As you know, I’ve been arguing that if Republicans don’t move on immigration before the August recess, acting may be even harder next year, meaning Republicans may lose their chance to put their stamp on reform — and begin to fix their Latino problem — before the next presidential election. There’s been little indication that Republicans have given any thought to the immigration calendar, preferring only to focus on their inevitable Glorious Victory this fall.

Now Politico moves the ball forward with a story reporting that it is becoming increasingly apparent to many lawmakers that, if nothing happens this year, nothing is likely to happen until 2017 at the earliest. As Politico puts it, there is “growing pessimism on Capitol Hill that a sweeping immigration bill is achievable in President Barack Obama’s second term if nothing passes this year.”

Various factors are shaping this reality: The Senate bill expires at the end of the year. The GOP presidential primary will get underway next year. If Congress doesn’t act now, Obama may have to act alone, making legislative reform next year harder still.

The big takeaway: Republicans appear aware the window for action is closing fast. And what this really means is that, if they continue to stall this year, they are in effect giving up on even trying to repair their Latino problem before another presidential election in which the Latino share of the vote is only going to rise in key states.

Indeed, Politico quotes several Republicans (John Cornyn, Chuck Grassley) indulging in the usual evasiveness on this issue, with both confirming (without saying so openly) that Republicans just aren’t going to move on anything involving legal status for the 11 million. This is a reminder that the primary obstacle to reform remains GOP unwillingness to entertain legal status under any circumstances, and that the notion that a GOP-controlled Senate will somehow pass immigration reform next year that can get Republicans right with Latinos is pure fantasy.

Worst of all, this comes right at the moment where the media narrative has it that the GOP establishment supposedly is vanquishing the more extreme elements in the party. The U.S. Chamber of Commerce — which supports reform — spent big on yesterday’s establishment victories, and the one GOP primary challenge to a lawmaker over her support for legalization fizzled. (John Boehner adviser Becky Tallent alerted folks to that fact, suggesting GOP leaders are thinking along these lines.)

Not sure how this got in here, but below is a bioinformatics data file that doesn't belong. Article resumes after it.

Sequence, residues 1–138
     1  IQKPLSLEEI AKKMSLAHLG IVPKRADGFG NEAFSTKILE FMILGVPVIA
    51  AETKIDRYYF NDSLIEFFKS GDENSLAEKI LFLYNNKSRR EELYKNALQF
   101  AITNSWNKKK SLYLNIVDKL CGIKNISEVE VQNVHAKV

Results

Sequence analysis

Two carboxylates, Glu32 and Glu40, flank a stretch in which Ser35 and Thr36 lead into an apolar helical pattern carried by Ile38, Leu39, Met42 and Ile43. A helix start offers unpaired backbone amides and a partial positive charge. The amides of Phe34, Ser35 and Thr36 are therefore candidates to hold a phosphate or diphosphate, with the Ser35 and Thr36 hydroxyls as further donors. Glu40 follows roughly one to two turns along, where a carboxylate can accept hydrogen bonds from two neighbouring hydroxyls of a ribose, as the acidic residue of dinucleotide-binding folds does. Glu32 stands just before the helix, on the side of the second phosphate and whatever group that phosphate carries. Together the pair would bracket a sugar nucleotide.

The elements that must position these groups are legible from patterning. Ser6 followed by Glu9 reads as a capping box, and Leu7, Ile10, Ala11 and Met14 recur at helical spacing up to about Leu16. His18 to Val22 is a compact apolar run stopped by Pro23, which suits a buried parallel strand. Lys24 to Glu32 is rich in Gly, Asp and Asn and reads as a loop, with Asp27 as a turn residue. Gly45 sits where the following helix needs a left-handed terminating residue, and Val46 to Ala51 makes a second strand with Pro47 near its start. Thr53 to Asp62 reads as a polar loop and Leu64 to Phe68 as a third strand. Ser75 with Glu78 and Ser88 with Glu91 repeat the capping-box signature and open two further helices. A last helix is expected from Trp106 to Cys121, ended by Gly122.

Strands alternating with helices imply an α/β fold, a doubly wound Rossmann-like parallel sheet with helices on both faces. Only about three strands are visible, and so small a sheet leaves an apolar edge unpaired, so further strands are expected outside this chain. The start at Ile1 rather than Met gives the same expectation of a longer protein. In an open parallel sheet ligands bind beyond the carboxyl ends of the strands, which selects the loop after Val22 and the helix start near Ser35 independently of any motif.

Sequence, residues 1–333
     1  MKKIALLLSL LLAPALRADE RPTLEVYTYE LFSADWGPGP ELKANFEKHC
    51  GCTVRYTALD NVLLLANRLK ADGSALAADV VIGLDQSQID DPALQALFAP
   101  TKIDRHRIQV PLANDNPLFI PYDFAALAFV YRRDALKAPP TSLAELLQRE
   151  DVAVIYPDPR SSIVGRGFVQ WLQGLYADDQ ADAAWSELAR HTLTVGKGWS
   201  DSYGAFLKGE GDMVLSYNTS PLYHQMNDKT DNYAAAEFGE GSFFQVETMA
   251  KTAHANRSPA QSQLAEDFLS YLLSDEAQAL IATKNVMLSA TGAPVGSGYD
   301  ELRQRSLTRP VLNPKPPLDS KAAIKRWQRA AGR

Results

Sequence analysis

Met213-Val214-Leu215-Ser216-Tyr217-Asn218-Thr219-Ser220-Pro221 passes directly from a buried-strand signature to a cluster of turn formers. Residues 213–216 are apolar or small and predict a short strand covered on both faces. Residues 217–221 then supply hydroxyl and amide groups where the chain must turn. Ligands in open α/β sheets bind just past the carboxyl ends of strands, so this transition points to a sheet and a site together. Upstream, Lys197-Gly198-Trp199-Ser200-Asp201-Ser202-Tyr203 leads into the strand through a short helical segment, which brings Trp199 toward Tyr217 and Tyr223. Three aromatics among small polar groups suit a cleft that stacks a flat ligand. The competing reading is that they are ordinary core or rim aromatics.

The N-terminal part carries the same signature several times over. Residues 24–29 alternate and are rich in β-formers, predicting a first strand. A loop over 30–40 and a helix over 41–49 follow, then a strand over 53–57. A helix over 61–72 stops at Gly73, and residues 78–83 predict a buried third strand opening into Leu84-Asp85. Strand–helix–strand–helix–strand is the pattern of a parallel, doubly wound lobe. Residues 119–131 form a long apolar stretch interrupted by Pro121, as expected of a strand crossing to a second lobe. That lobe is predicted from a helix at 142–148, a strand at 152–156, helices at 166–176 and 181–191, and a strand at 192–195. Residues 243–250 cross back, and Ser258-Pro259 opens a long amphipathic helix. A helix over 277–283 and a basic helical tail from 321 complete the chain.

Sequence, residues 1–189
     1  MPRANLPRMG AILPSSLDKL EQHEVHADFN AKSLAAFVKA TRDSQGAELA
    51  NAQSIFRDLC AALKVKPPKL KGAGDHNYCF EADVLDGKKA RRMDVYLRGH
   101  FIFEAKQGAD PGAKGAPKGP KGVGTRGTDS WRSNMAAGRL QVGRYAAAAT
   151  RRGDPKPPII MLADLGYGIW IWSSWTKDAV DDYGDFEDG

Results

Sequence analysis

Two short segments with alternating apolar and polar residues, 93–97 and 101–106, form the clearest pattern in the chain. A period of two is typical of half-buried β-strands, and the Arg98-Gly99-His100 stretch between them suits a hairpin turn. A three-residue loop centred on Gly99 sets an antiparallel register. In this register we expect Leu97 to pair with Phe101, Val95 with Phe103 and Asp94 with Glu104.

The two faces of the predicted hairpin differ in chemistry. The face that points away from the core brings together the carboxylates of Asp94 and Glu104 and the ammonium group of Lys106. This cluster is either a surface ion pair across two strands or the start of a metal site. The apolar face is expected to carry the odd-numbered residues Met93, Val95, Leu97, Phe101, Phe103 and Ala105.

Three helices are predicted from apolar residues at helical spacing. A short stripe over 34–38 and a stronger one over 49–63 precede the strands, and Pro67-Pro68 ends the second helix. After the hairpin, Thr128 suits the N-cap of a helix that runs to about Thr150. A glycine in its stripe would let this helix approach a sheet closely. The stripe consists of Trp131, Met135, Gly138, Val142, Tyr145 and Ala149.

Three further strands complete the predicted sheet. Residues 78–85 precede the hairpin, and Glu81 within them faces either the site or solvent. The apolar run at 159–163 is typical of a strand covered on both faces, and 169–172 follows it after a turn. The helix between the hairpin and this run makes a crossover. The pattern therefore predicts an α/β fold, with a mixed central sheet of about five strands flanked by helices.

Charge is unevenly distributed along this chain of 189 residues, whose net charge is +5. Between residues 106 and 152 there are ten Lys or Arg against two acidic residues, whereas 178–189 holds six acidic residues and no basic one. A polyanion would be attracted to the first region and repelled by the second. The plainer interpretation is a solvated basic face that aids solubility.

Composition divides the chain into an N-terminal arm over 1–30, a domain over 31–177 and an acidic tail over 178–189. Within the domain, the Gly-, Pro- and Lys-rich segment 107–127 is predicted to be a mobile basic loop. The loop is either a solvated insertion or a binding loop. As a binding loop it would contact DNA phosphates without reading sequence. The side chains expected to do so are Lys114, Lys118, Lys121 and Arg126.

Pro-reform Republicans have long said that the risks to Republican lawmakers in supporting legalization — and incurring the fearsome wrath of the right — have in fact been grossly exaggerated. That seems particularly hard to argue with right at the present moment, given the current course of GOP primaries. Meanwhile, Republicans are increasingly convinced that if nothing gets done now (and remember, Republican leaders themselves have said the status quo is unacceptable) nothing may get done for years to come. So what’s the excuse for inaction at this point?

* GRIMES GOES UP WITH FIRST AD: Kentucky secretary of state Alison Lundergan Grimes is up with her first statewide ad, a positive spot that highlights her work in bringing Dems and Republicans together behind a measure to make it easier for soldiers from the state serving overseas to vote. The specific topic chosen, and the spot’s conclusion — “Washington should work this way” — are a reminder of how heavily she’s grounding her candidacy in the state and working to achieve distance from D.C. Democrats, a must for Dems in tough red-state contests.

* McCONNELL ON THE AIR FOR MONTHS: ABC News, in discussing the new Grimes ad, makes a key point:

It is significant that Grimes has been able to stay off the air this long and essentially save the money she has been fundraising until now in the election cycle. Senate Minority Leader Mitch McConnell has been on the air since January, but he is also facing a primary opponent, Matt Bevin.